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Nick Kyrgios 'huge' in Aussie team that can win '3-5' Davis Cups: Wally Masur

Former Davis Cup captain Wally Masur says Nick Kyrgios will be huge for an Australian team that will win "three, four, five" Davis Cups over the next decade.

Masur also sees Kyrgios' relationship with new Davis Cup captain Lleyton Hewitt evolving over the next year to play a role in the Canberra tennis star's coaching future.

Australian tennis legends Wally Masur, Darren Cahill, and John Fitzgerald see Nick Kyrgios as an important cog in ...
Australian tennis legends Wally Masur, Darren Cahill, and John Fitzgerald see Nick Kyrgios as an important cog in Australia's Davis Cup campaign. Photo: Rohan Thomson

Former Australian tennis stars Masur, Darren Cahill and John Fitzgerald were in Canberra on Thursday for the Maxim International, where they raised $160,000 for the Heart and the Newborn Intensive Care foundations.

Masur dropped Kyrgios from the Davis Cup team for Australia's tie against Great Britain last year, but feels the world No.42 will be crucial against the USA at Kooyong in March.

Nick Kyrgios in action for Australia in the Davis Cup in 2014.
Nick Kyrgios in action for Australia in the Davis Cup in 2014. Photo: Getty Images

He said the current crop of young players, including Thanasi Kokkinakis and Bernard Tomic, combined with the Big Four - Novak Djokovic, Andy Murray, Roger Federer and Rafal Nadal - getting older, would lead to Australia dominating the Davis Cup in the coming years.

Australia has won the Davis Cup 28 times, second only to the USA (32), but they haven't held it aloft since 2003.

Masur said it was significant that Kyrgios had already proved he was able to be beat top-10 players, with Rafael Nadal, Roger Federer and Andy Murray already victims.

"Nick is huge for Australia in Davis Cup and obviously Nick and Bernie are our two top-ranked players, but I think Nick's ability as a big-match player [is huge]," Masur told Fairfax Media.

"If you can beat Nadal on centre court of Wimbledon, if you can beat Federer in a Masters series and then you beat Andy Murray, that's the type of guy Lleyton will be honing in on for Davis Cup.

"I don't like to talk big, I like to keep a lid on things, but I said to the guys last year - because there was Thanasi, Nick, Bernie ... we've got versatility, we've got depth, we've got potential superstars - I believe Australia can win the Davis Cup three, four, five times in the coming decade."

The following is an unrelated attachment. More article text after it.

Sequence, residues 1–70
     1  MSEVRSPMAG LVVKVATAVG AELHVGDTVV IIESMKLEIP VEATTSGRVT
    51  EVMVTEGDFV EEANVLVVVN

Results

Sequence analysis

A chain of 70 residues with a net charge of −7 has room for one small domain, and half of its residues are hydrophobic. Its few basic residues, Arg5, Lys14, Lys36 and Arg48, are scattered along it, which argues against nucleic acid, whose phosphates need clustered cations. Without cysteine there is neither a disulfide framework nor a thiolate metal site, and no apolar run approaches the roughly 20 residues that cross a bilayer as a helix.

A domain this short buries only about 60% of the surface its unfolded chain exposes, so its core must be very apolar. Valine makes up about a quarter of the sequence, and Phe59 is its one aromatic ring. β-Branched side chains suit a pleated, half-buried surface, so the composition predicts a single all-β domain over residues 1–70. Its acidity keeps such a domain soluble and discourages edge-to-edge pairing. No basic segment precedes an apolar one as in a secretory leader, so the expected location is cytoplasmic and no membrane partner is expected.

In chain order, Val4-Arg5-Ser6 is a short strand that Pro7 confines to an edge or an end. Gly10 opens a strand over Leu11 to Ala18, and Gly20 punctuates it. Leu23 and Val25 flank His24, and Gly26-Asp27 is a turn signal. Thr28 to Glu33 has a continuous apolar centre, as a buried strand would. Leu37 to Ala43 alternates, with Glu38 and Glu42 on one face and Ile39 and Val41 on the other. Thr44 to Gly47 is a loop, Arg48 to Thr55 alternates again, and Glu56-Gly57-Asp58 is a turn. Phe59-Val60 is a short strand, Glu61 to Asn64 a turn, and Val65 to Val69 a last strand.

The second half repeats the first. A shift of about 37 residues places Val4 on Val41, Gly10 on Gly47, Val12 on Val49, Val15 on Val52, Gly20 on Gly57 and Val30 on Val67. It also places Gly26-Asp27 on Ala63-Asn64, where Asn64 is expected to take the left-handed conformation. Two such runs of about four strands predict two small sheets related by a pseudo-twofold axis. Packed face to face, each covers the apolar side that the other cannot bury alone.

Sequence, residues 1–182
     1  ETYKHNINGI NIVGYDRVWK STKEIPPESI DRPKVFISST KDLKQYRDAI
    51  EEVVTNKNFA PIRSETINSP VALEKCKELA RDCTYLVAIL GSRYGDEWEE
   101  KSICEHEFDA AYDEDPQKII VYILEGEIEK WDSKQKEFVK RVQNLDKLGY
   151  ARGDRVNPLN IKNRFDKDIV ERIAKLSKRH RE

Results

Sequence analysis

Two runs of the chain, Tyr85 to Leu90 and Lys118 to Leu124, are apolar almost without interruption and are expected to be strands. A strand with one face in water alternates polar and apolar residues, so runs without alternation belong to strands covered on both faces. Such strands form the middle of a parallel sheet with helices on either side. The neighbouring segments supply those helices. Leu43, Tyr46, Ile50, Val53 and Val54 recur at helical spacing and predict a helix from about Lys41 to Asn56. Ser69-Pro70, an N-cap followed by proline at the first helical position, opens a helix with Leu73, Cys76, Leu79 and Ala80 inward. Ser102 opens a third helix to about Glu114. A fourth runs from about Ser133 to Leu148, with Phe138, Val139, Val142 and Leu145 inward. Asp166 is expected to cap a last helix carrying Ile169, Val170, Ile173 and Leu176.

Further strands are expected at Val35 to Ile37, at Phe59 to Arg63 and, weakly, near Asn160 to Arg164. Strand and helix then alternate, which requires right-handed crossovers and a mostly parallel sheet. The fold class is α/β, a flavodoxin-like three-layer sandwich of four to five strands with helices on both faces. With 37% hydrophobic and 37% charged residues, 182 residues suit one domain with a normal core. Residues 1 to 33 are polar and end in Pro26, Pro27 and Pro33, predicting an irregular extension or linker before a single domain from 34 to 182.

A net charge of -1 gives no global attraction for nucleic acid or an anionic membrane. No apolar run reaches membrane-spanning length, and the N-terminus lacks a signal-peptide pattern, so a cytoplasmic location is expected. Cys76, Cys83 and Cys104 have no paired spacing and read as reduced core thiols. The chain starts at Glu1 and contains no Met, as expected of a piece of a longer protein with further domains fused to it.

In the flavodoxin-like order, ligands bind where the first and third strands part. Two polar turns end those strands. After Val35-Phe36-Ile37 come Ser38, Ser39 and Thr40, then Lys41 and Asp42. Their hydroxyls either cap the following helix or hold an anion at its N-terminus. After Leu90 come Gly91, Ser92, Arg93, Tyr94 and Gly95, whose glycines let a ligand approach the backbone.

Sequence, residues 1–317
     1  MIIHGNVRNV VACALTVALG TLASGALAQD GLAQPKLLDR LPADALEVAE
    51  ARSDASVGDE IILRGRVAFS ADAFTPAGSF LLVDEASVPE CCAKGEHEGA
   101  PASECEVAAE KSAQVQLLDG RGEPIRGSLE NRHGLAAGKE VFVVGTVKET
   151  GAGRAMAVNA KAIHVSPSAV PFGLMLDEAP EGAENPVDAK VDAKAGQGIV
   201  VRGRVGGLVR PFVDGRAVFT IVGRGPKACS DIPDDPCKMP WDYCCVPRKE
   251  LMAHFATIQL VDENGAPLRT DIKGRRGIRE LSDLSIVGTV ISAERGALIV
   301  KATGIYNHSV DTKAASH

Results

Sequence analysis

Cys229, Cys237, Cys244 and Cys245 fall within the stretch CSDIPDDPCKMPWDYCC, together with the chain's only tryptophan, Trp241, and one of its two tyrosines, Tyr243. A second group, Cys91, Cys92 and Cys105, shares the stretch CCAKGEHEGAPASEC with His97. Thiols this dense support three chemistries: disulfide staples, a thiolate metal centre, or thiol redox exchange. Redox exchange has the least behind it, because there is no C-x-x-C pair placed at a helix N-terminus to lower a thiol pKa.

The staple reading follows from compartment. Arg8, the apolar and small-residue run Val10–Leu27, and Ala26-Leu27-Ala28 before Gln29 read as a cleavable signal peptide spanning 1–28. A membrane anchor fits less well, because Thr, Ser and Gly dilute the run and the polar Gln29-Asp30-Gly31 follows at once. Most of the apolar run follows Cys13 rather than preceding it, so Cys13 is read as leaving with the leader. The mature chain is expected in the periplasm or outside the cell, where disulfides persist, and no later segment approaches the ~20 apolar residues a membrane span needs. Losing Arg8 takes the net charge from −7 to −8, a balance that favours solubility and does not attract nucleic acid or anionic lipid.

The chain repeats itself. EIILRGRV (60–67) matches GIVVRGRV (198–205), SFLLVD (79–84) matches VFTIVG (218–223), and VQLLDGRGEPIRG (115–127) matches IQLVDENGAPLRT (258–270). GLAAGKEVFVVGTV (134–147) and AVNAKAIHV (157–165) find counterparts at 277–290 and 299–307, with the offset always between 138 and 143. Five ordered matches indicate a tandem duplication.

Masur said Kyrgios' decision to go it alone without a coach since splitting with Todd Larkham in June last year had allowed the Canberra tennis star to get to know his own game.

He felt Kyrgios would eventually get a new coach, but he felt Kyrgios' close relationship with former world No.1 Hewitt would continue to evolve and play some role in his future set-up.

Masur said having a former grand slam champion as the Davis Cup captain would be "really positive" and a great mentor for Kyrgios.

"I think at some point he will have a mentor-coach, I think it will happen," he said.

"Lleyton is someone he really admires, Lleyton is now in that Davis Cup role and they're going to work closely together this year.

"I would say there's going to be an evolution there - whether he leans on Lleyton for advice or Lleyton assists him in overseeing a team in the future, I think that's going to be a natural progression.

"I think he's done the right thing, he's taken a step back, he's managed himself in terms of dictating schedules and he looked pretty happy and comfortable over the Australian summer."

Cahill said it was nearly impossible for young players to "jump into the top 10 and stay there" because the game had become so much more physical.

He felt the Big Four had become such "physical beasts" it was no longer possible to do what Lleyton did and burst onto the scene as a teenager.

While Mats Wilander thinks Kyrgios should already be winning majors, Cahill said the next few years for Kyrgios weren't about winning tournaments and producing big results now, but more about "the journey".

"I think it's too much to say, 'He needs to win an ATP event or he needs to make the semis of a slam or he needs to be ranked top 10 or top 20'," Cahill said.

"Just let the ranking be, let the kid work it out, make sure he's working on the right things to set himself up and if he's 22, 23, 24 then you can start saying, 'Alright Nick, now it's time to step up'."